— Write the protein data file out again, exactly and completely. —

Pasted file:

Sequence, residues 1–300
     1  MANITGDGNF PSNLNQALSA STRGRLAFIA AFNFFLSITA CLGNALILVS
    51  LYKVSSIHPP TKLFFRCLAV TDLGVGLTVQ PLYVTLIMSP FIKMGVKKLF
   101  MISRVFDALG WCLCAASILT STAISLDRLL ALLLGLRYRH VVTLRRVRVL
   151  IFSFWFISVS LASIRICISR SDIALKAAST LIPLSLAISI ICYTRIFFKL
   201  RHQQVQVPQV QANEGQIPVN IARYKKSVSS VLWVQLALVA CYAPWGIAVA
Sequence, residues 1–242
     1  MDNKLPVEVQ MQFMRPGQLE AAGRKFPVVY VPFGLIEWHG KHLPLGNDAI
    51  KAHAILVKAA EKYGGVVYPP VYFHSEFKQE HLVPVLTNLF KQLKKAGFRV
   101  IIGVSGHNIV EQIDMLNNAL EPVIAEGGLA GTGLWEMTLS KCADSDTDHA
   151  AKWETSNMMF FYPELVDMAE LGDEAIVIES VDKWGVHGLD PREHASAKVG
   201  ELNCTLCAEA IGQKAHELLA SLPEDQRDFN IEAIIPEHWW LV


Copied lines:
Sequence, residues 1–300
     1  MANITGDGNF PSNLNQALSA STRGRLAFIA AFNFFLSITA CLGNALILVS
    51  LYKVSSIHPP TKLFFRCLAV TDLGVGLTVQ PLYVTLIMSP FIKMGVKKLF
   101  MISRVFDALG WCLCAASILT STAISLDRLL ALLLGLRYRH VVTLRRVRVL
   151  IFSFWFISVS LASIRICISR SDIALKAAST LIPLSLAISI ICYTRIFFKL
   201  RHQQVQVPQV QANEGQIPVN IARYKKSVSS VLWVQLALVA CYAPWGIAVA
Sequence, residues 1–242
     1  MDNKLPVEVQ MQFMRPGQLE AAGRKFPVVY VPFGLIEWHG KHLPLGNDAI
    51  KAHAILVKAA EKYGGVVYPP VYFHSEFKQE HLVPVLTNLF KQLKKAGFRV
   101  IIGVSGHNIV EQIDMLNNAL EPVIAEGGLA GTGLWEMTLS KCADSDTDHA
   151  AKWETSNMMF FYPELVDMAE LGDEAIVIES VDKWGVHGLD PREHASAKVG
   201  ELNCTLCAEA IGQKAHELLA SLPEDQRDFN IEAIIPEHWW LV